Finally, how does the physician treat you? "You don't have to like your surgeon as a friend, but do you think he/she has you, the patient at heart, as his first consideration?" asks Taub. "For example, did your plastic surgeon explain all that was involved or leave it up to someone else?" It is important for the physician to spend time with a patient and explain the goals of his or her care, alternatives, risks and possible complications. Usually, there is a lot of ground to be covered; ask yourself whether you were given the opportunity to ask questions and have them answered to your satisfaction or were you rushed out of the office?

"The bottom line is patients must feel comfortable with their physicians. If they are not and there is a postoperative problem, communication may not be easy," Taub cautions. If a surgeon spends little or no time with a patient before surgery, he or she will probably spend less time afterwards. "Patients should ask themselves if this is really what they want," Taub recommends. Another important question is whether the physician is available for emergencies and questions after hours. Sometimes an assistant handles all calls or an answering machine directs you to call back in the morning or go to the local emergency room. Wouldn't you prefer to talk to your doctor about the problem?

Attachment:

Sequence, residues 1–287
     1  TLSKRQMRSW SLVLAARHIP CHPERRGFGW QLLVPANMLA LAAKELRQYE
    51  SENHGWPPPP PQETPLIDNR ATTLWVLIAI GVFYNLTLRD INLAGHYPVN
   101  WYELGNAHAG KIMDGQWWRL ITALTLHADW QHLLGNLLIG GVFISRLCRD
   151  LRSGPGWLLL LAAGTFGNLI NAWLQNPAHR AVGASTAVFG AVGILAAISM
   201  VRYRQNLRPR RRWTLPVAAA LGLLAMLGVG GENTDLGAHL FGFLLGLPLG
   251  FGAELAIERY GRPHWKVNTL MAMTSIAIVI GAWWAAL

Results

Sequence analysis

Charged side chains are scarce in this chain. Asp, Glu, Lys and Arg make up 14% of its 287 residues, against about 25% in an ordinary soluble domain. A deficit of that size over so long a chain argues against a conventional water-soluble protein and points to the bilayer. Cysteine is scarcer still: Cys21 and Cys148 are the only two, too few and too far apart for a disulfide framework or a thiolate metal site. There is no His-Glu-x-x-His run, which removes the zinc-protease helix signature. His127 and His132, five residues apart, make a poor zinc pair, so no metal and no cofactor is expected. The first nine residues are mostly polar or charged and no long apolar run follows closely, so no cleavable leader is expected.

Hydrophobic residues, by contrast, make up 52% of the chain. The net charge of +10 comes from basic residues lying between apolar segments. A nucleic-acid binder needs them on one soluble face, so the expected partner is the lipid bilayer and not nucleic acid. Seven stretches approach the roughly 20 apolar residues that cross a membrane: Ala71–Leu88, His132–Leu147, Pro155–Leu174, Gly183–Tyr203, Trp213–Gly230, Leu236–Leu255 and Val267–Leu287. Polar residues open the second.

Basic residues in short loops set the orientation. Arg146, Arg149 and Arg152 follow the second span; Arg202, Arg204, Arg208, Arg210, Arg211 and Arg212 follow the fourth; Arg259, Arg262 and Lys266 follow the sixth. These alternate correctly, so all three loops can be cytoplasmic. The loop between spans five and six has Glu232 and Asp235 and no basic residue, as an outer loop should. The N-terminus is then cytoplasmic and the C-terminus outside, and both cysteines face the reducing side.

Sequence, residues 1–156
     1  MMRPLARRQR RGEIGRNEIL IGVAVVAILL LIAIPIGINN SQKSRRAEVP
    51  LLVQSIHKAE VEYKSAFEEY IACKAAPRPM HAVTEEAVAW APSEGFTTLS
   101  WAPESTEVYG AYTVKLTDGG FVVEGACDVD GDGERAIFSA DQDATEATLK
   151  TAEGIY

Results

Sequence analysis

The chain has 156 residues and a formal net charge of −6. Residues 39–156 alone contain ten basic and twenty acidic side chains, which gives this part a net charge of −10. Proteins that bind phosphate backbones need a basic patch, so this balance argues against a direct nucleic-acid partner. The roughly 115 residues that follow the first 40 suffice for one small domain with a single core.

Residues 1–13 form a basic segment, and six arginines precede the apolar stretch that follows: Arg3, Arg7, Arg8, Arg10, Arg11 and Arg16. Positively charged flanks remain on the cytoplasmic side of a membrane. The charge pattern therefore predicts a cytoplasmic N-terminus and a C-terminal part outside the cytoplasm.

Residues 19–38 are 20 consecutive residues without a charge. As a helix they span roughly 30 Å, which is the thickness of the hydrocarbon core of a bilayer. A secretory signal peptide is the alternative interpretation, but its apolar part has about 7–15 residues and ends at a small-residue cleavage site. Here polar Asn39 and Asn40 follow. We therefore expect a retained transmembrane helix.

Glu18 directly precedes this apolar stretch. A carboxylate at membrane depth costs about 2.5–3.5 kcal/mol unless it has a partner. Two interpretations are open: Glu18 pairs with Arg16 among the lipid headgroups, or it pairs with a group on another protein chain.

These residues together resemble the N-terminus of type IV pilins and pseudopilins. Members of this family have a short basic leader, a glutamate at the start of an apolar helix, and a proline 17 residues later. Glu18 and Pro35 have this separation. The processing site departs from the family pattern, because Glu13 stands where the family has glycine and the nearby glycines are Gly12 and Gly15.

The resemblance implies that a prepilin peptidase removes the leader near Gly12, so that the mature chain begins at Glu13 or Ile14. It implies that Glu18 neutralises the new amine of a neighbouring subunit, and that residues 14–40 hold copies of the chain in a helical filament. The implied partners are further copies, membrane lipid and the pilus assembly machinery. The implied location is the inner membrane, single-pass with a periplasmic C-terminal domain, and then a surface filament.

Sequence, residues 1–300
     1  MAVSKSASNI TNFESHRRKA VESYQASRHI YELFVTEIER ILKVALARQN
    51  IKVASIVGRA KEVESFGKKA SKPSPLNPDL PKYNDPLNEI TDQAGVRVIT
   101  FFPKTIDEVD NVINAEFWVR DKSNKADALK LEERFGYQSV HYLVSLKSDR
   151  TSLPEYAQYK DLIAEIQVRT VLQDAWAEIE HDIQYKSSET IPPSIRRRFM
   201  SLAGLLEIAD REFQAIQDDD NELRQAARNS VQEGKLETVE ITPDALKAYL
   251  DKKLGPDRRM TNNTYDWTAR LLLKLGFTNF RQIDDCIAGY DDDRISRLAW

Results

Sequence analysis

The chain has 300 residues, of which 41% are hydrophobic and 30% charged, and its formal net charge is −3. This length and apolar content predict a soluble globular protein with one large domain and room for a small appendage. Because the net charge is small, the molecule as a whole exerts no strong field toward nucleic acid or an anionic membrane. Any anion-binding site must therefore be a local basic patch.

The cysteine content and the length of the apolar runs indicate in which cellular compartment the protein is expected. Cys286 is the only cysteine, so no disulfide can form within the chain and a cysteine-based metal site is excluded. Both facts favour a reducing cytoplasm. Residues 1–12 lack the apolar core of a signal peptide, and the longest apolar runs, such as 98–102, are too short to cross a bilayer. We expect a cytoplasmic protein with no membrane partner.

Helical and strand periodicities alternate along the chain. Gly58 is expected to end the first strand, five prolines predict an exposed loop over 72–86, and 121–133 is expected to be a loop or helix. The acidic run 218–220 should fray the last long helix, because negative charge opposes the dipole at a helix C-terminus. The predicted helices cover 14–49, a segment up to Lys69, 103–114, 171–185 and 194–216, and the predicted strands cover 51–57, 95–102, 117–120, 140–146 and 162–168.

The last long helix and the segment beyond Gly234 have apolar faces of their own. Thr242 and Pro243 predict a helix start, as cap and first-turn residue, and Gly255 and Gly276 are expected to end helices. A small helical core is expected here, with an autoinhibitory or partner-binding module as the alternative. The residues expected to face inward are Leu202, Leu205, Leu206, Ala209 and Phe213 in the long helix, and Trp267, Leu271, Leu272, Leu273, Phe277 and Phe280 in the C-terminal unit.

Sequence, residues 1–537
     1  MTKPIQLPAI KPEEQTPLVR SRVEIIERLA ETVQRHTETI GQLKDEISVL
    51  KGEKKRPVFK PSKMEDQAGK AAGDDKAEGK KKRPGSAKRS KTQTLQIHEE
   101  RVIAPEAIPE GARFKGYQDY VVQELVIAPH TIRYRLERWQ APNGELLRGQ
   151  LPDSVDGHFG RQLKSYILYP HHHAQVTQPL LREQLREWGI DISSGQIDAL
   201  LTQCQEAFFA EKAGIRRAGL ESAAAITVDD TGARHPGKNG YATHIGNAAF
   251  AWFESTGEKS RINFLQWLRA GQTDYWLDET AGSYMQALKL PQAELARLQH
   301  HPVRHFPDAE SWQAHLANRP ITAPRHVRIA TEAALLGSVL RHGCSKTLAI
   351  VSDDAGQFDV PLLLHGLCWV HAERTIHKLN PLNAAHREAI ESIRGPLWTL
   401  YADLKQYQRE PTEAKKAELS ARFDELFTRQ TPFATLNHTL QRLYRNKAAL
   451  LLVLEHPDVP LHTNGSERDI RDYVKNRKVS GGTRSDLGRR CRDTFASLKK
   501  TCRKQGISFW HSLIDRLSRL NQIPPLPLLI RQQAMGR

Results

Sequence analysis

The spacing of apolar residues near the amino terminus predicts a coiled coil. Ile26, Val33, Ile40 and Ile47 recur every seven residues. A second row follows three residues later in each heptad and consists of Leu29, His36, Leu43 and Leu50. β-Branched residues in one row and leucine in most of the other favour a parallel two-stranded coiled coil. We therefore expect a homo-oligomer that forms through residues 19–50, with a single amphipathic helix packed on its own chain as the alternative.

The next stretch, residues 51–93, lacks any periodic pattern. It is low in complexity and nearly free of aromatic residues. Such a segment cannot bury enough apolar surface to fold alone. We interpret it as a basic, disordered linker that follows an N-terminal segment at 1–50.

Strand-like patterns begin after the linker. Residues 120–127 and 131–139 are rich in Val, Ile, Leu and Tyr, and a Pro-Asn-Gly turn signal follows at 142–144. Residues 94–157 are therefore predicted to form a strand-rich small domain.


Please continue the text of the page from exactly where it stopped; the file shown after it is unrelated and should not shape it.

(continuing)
Patients must look into many areas of a physician's training, especially certification, association and personality prior to allowing him or her to manage their health care. "If you do your homework well," Taub concludes, "you should end up with a compassionate, well-trained, competent physician with whom you feel totally at ease and in whom you have the utmost confidence."

* The number of people in the United States who had this procedure last year.

Reprinted by kind permission of KMR Communications, Inc.
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Title Annotation:Special Report
Publication:American Fitness
Geographic Code:1USA
Date:Nov 1, 2003